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Integration

CHAPTER 4

Subtopics
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4.1 The definite integral


4.2 The fundamental theorem and calculus
4.3 Substitution techniques
4.4 Integration by parts
4.5 Integration by partial fractions
4.6 Trigonometric integrals
4.7 Trigonometric substitutions

Formula Sheet
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4.1 Indefinite and definite integral


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Integration is the inverse of differentiation:

Differentiation is the inverse of integration:

The definite integral from a to b

Refer Tutorial 4

More exercises

2x

3 x 4dx

x dx

4.2 The fundamental theorem and calculus


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4.3 Substitution Techniques


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With algebraic substitutions, the substitution always

made is to let u be equal to f(x) such that f(u) du is a


standard integral. It is found that integrals of the
forms :

k f ( x ) f ' ( x )dx

f '(x)

f ( x )

dx
n

and

4.4 Integration by Parts


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4.5 Integration by Partial Fractions


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CASE 1 : If all of the factors of g(x) are distinct linear

factors, then the partial fraction decomposition of


contains the sum :
A
B
C

....
(ax b ) (cx d ) (ex f )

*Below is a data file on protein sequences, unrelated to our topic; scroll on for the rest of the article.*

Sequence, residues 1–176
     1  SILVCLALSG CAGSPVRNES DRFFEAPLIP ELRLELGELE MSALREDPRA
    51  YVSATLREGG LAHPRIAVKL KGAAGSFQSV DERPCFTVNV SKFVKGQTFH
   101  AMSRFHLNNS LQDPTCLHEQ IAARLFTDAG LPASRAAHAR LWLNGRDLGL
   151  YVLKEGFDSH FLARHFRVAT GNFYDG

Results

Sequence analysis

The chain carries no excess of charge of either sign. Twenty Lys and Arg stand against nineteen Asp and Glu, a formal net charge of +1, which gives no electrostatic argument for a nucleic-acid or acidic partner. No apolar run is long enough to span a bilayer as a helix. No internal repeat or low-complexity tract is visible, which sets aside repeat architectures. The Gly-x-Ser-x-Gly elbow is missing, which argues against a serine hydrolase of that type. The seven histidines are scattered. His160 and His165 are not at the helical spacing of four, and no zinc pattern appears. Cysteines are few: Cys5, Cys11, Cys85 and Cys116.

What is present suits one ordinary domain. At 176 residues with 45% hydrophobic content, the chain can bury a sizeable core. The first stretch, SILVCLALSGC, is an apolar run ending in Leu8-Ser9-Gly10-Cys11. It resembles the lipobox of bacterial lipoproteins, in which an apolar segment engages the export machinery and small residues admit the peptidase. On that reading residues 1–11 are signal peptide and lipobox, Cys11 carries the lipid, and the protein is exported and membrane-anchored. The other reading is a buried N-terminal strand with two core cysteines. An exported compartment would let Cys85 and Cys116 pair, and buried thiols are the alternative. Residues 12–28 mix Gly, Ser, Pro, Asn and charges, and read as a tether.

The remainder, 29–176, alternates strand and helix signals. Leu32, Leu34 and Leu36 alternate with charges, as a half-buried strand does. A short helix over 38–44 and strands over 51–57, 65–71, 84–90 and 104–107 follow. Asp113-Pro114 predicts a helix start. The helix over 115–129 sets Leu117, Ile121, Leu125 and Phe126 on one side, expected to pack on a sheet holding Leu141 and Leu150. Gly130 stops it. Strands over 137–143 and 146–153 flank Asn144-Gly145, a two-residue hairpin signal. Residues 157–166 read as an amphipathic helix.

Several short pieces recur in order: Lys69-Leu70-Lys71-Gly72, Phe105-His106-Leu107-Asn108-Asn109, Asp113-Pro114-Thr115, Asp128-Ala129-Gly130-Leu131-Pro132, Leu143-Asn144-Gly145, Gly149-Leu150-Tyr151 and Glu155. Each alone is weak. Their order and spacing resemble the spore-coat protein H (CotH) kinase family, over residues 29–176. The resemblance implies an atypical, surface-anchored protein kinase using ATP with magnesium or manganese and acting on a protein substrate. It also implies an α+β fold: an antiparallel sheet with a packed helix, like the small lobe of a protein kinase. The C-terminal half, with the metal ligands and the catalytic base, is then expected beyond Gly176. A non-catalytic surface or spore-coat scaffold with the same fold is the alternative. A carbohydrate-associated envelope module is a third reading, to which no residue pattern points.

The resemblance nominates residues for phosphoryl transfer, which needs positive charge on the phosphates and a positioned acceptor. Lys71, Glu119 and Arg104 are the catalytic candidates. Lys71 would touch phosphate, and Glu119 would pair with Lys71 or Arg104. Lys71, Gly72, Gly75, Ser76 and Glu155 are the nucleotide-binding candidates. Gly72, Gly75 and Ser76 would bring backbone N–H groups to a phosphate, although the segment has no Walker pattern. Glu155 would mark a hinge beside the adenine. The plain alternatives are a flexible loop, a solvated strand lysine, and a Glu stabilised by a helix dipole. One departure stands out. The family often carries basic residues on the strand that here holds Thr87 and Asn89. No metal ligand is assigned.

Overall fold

Example :

1
dx
2
x x 2

f (x)
g(x )

4.5 Integration by Partial Fractions


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CASE 2 : If the factors of g(x) are repeated linear

factors, then the partial fraction decomposition of


contains the sum :
A
B
C
Z

....
2
3
(ax b ) (ax b )
(ax b )
(ax b )m
Example :

6x 7
dx
2
( x 2)

f (x)

g ( x ) m

4.5 Integration by Partial Fractions


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CASE 3 : If the factors of g(x)=(ax+b)(ax2+bx+c) is a

combination of linear and quadratic factors where


the quadratic factor cannot be factorized, then the
partial fraction decomposition are as follows :
f (x)
A
Bx C

g ( x ) (ax b ) (ax 2 bx c )
Example :

2x 1
dx
2
x ( x 1)

4.6 Trigonometric Integrals


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Please refer to earlier formula sheet to solve these

trigonometric problems

4.7 Trigonometric Substitution


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End Chapter
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